You know that stereotypical story that permeates our culture’s beliefs about a woman’s health after motherhood? The one that says women “let their health go” after they have a baby. Well, my health was less than stellar before I even got pregnant. But, shortly after the birth of my first baby, I learned something that enabled me to reject that narrative, and dramatically improve my health after becoming a mom.
When my daughter, Alice, was about three months old, I hit a wall. She was nursing for a few minutes, every 30-45 minutes, 24 hours a day. Exhausted and frustrated, I scheduled an appointment with the lactation consultant. “Alice is a grazer,” she explained. “She is gaining weight beautifully, so I’m not worried.”
Reading the confusion on my face, she continued. “It’s actually really healthy that she eats small amounts more frequently. She is already learning to stop eating when she’s full.” All I could think about was my own exhaustion.
I thanked her and hurried out of the office, so I could cry in private. I sat in the parking lot, nursing Alice (of course) and sobbing. After a few deep breaths, I looked at the sweet, chubby babe in my arms, and acknowledged that she was developing healthy habits. I was flooded with compassion…for both of us. I didn’t have all the answers, but as I secured her in her seat and started the car, I was determined to find a way to meet both of our needs.
Over the next year, something amazing happened. I became a master at weaving my own self-care into days filled with the care and nurture of my baby. Instead of neglecting my own health, I improved it – dramatically. In my first year of motherhood, I learned how to take care of my daughter and myself.
So often, we approach self-care (and the care of others) from a place a resentment. We don’t feel great in or about our body, so we go on crash diets or sign up for gym memberships hoping to change how we feel. But that underlying resentment catches up to us, and we fail to implement any lasting change.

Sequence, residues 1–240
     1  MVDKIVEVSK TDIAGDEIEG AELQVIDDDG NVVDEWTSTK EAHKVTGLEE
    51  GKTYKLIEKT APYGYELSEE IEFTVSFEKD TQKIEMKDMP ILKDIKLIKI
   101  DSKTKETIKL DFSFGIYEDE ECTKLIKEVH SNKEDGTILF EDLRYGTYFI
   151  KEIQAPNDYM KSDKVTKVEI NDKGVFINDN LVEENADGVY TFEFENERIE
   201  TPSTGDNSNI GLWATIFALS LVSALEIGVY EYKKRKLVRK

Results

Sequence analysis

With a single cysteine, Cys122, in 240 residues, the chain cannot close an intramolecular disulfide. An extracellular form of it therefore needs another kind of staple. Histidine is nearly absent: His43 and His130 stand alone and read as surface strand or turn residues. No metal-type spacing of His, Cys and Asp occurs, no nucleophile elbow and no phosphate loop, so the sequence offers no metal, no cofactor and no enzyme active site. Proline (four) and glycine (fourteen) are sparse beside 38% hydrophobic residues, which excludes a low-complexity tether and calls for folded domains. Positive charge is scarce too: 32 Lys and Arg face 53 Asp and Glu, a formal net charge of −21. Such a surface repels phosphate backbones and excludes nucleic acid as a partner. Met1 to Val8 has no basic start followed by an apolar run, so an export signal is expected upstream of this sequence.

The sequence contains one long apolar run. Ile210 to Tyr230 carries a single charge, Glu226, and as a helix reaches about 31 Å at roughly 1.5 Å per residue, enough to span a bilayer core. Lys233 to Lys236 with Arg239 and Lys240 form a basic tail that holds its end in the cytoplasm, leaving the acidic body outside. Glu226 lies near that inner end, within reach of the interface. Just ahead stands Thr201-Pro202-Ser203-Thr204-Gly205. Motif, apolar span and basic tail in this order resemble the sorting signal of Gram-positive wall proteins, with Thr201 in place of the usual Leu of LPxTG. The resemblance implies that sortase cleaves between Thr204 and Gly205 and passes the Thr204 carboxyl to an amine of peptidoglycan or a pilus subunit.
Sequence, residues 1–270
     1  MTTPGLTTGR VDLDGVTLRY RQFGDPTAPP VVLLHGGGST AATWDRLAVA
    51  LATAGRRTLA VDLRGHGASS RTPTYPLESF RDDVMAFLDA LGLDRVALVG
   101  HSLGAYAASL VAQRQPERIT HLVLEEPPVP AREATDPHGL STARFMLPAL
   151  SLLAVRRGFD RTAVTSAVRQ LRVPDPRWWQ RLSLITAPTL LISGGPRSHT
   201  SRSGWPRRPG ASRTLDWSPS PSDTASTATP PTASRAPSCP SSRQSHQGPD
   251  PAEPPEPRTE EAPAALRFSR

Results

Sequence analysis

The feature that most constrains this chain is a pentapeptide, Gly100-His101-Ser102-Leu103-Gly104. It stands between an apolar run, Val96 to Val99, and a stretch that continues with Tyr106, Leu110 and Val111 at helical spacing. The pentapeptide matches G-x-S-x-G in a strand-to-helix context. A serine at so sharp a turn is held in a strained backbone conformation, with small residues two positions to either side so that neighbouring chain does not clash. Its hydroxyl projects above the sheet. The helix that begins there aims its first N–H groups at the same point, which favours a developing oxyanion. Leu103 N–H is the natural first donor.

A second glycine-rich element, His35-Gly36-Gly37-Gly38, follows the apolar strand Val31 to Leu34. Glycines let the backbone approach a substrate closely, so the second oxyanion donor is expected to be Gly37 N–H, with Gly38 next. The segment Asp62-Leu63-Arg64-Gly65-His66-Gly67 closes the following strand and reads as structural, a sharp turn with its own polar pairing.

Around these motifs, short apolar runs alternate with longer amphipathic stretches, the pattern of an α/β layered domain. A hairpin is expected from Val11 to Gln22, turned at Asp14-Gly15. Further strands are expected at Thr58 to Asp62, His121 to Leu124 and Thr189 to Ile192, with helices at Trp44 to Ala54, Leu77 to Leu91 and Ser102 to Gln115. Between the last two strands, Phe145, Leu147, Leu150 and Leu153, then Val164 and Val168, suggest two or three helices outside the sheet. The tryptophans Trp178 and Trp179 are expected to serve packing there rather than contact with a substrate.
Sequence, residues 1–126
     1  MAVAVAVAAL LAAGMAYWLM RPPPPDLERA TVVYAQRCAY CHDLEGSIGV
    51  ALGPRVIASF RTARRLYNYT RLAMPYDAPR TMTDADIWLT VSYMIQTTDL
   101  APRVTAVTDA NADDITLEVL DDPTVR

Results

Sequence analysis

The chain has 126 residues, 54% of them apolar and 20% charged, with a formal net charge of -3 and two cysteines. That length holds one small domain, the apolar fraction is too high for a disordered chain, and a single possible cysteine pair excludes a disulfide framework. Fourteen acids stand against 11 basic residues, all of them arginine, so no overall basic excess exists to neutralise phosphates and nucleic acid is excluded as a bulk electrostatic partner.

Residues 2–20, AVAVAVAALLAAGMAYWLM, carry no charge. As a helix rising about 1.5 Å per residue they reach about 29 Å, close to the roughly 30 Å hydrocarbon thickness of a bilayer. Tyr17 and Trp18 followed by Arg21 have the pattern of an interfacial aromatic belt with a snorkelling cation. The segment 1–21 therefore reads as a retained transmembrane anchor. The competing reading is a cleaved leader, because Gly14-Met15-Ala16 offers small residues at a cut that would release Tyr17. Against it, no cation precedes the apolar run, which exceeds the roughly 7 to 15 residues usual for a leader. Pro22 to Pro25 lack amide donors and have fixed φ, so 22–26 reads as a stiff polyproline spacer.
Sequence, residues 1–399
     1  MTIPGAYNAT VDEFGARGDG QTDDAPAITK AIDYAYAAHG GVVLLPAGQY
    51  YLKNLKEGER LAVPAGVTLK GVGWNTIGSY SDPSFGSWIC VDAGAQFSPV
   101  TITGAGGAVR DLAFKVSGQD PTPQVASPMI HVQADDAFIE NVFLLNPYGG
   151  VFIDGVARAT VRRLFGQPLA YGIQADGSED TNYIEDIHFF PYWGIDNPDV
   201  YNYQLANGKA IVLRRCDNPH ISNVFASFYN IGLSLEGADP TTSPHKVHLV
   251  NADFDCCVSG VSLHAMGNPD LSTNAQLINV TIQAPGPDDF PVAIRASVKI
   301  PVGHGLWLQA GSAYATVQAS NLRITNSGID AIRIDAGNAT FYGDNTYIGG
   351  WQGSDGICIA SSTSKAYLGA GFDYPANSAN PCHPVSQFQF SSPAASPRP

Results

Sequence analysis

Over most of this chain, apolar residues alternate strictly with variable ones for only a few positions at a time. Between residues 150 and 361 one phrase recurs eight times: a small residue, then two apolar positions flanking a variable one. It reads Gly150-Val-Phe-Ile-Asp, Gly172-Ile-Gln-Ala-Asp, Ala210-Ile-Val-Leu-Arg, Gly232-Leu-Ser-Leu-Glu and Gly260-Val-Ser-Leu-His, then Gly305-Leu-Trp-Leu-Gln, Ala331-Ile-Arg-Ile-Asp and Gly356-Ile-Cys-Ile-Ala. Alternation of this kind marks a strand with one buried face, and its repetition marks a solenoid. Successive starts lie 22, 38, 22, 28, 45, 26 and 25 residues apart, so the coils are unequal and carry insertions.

That day in the parking lot with my daughter was a turning point, because I stopped resenting our situation. As I began to understand her needs, I was inspired to better understand my own needs. That understanding lead to compassion. And the compassion lead to action.
As parents, we absolutely need to prioritize self-care. But, it should be fueled by compassion. If you feel more resentment toward your body than compassion, well, you just don’t know very much about the amazing machine that is your body. Commit right now to change that. Set an intention to learn, see and understand at least one positive thing about your body everyday.
Don’t ignore your exhaustion, stress or aches and pains. But think of those things as a signal instead of a problem. They are an invitation to ask why. To dig deeper. To understand something about your body’s needs.
When we approach self-care in this way, we have the best chance of implementing lasting change. Whether we are caring for our little people or our own bodies, the journey begins with understanding. Understanding leads to compassion. Compassion leads to action.
If you don’t feel as great in and about your body as you’d like to, Alissa and I would like to invite you to join us for a FREE mini class. We’ll share some simple strategies for better understanding and caring for your body.
Start the journey.
Jennifer Hoffman (eRYT-500, CPT-RES™) is not your average yogi. A public accountant turned yoga instructor and personal trainer, Jen now balances an active practice with her busy life as a writer, healthy moving educator, mother, and wife. She is the host of The Healthy Moving Podcast. And, Jen teaches yoga and Restorative Exercise™ at HealthyMoving.com and relies on her husband Derek to keep their two (soon-to-be three) lovely children off camera through Namaste.